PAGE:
Why Medicare fraud persists at the multi-billion dollar level every year
You can see from my own experience, as a retired RN and attorney, that careful reporting with solid evidence is not stopping fraudulent Medicare billing. The federal government, for reasons unknown, is not following up on investigating such a well-documented case of apparent fraud as they had with my report. I can only speculate that the bureaucracy lacks internal controls to record and track each complaint, and the outcome, after it is reported. I can also speculate that the Feds do not provide sufficient resources for their investigative personnel to follow through and actually prosecute these abusers. It should be a standardized process. I spent decades as a litigator. I am very familiar with what it takes to prove an allegation at a hearing or trial. The Medicare fraud unit had all that in this case and yet, no prosecution took place.
The worst part of this is that the fake visits to the “nursing home” to provide therapy to a resident were all paid for by Medicare without question. The crooked scheme hatched by the neuropsychologists at the head of the company is likely to be widespread. They work throughout the state. Legitimate work is billed, cleverly mixed in with billing for fake treatment. The notes of fake visits look real and are so generic as to sound credible if they are ever reviewed. It is only when a family member or other caring person speaks up that any possibility exists for stopping Medicare fraud. And then, obviously, speaking up enough only goes so far. My guess is that the shameful psychologists are still having a great time and making a huge profit over fake therapy billing. Multiply Tony’s matter times thousands. They probably chose him because he, like millions of other elders, has no wife, nor kids, nor witness to spot the falsified billing records until long after the deed is done. And he could not understand his Medicare billing himself, so they get away with it.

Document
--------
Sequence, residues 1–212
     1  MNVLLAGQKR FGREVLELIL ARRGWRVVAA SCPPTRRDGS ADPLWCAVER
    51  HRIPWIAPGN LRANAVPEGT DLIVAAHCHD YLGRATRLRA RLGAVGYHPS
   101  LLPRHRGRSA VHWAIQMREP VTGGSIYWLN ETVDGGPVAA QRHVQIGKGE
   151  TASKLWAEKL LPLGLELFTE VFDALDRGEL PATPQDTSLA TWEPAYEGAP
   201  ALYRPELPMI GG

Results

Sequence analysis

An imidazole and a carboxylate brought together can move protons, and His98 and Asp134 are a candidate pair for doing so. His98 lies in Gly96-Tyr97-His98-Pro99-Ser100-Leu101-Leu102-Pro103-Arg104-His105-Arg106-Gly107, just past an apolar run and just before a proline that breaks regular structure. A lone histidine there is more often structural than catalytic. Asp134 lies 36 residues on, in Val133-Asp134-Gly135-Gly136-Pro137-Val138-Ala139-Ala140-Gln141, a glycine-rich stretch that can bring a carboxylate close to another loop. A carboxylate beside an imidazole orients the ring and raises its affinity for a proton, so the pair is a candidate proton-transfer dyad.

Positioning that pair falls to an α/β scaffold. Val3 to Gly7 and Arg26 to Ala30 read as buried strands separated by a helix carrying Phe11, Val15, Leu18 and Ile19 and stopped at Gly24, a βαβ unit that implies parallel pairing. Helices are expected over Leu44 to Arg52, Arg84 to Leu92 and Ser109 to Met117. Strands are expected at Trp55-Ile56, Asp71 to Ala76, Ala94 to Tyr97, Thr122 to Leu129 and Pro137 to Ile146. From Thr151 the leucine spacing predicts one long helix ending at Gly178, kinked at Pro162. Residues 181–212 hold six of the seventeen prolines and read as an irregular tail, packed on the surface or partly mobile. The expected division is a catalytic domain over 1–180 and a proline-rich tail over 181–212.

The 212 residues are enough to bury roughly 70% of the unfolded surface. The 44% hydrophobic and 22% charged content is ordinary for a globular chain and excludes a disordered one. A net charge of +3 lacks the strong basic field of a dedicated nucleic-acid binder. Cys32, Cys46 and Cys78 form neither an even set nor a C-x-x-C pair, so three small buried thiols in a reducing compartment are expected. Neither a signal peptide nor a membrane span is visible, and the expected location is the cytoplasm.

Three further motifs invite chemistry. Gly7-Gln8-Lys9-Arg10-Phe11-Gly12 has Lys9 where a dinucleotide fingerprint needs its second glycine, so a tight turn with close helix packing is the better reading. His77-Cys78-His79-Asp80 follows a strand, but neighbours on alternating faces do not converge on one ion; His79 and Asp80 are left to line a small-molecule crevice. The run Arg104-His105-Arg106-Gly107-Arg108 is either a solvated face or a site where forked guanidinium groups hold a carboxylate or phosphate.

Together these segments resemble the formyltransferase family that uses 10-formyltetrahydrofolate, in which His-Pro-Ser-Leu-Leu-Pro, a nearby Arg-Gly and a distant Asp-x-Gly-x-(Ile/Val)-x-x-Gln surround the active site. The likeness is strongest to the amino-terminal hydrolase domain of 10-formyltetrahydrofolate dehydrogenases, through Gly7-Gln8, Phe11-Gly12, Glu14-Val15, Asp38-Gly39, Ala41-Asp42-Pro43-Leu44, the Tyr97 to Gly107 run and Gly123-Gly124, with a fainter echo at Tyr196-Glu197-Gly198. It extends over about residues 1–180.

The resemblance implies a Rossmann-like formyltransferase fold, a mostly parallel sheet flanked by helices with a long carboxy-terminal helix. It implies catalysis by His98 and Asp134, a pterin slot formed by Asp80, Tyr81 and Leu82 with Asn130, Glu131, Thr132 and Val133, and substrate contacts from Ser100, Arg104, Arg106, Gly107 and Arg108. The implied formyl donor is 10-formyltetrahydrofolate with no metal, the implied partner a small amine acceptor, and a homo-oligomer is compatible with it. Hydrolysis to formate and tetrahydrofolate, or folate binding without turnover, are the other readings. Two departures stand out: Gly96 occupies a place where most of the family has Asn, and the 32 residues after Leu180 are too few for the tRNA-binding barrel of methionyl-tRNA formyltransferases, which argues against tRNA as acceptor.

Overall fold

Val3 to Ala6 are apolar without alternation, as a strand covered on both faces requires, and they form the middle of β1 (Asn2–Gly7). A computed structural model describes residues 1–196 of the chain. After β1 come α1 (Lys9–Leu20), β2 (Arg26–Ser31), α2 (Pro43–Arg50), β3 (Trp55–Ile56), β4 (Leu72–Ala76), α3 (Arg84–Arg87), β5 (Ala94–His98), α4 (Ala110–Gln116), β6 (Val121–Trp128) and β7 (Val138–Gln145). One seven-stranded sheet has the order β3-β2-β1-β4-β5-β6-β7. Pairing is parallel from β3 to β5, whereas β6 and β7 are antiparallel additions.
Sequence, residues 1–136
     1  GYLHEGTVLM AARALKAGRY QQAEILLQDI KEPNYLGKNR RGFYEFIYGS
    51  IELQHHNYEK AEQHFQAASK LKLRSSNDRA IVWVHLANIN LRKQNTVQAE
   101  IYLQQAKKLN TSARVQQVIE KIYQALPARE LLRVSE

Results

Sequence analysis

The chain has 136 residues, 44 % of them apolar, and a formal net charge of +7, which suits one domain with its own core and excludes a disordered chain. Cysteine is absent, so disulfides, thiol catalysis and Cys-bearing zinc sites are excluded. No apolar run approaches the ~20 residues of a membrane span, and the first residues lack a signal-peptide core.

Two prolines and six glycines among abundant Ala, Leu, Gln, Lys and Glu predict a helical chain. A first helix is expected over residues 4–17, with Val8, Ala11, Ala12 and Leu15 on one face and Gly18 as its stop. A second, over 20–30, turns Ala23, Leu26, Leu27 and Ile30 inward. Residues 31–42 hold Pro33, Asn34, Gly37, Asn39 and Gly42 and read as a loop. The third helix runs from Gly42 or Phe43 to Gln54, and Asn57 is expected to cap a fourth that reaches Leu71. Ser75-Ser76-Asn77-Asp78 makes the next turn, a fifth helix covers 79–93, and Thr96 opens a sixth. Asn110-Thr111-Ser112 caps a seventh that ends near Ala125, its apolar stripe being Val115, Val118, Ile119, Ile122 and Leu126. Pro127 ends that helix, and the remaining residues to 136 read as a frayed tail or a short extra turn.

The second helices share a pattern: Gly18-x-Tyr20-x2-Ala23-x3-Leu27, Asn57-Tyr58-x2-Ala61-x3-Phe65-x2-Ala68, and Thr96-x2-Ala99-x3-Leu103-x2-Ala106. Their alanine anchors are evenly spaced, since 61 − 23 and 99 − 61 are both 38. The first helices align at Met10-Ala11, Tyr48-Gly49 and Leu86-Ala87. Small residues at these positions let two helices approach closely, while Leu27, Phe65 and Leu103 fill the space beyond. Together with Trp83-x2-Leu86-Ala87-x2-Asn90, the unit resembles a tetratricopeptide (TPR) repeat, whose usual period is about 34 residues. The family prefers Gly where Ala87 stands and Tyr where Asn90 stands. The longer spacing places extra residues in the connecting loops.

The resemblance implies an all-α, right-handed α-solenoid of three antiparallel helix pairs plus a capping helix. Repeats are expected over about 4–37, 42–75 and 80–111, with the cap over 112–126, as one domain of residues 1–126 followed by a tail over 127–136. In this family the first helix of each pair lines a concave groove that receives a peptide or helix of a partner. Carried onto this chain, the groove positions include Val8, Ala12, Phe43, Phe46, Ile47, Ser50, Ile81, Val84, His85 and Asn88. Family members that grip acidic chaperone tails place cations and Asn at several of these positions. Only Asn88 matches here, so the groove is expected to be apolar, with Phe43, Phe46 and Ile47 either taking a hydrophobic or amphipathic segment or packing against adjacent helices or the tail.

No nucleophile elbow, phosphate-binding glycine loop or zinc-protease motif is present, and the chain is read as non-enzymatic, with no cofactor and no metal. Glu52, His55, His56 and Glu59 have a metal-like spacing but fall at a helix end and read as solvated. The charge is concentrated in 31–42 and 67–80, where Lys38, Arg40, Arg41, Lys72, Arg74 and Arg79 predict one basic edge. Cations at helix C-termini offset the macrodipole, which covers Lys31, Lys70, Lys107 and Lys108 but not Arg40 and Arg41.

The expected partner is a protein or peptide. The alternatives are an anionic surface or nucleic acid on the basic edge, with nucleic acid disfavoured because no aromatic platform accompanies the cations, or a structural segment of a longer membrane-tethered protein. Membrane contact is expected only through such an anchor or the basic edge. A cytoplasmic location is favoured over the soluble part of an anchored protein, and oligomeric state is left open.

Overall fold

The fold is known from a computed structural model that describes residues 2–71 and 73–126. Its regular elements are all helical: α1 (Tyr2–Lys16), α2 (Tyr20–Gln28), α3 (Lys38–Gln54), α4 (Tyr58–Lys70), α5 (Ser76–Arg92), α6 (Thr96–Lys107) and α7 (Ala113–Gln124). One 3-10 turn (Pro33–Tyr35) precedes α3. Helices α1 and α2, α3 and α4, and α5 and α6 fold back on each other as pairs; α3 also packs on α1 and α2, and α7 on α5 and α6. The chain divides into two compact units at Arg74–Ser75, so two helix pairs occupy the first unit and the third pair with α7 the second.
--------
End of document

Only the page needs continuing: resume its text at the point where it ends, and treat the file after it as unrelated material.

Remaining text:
Fraud and Waste in Government Spending
If you ever wonder how $60 billion of our taxpayer money funding Medicare is being blatantly wasted, now you can see why. No one is prosecuting and stopping the everyday thief who exploits our federal government’s inefficiency with Medicare payments. “Cutting out fraud and waste in government spending” is a good sound byte. It will take a complete overhaul of the Medicare fraud unit to get there.
Carolyn Rosenblatt, RN, Attorney, AgingParents.com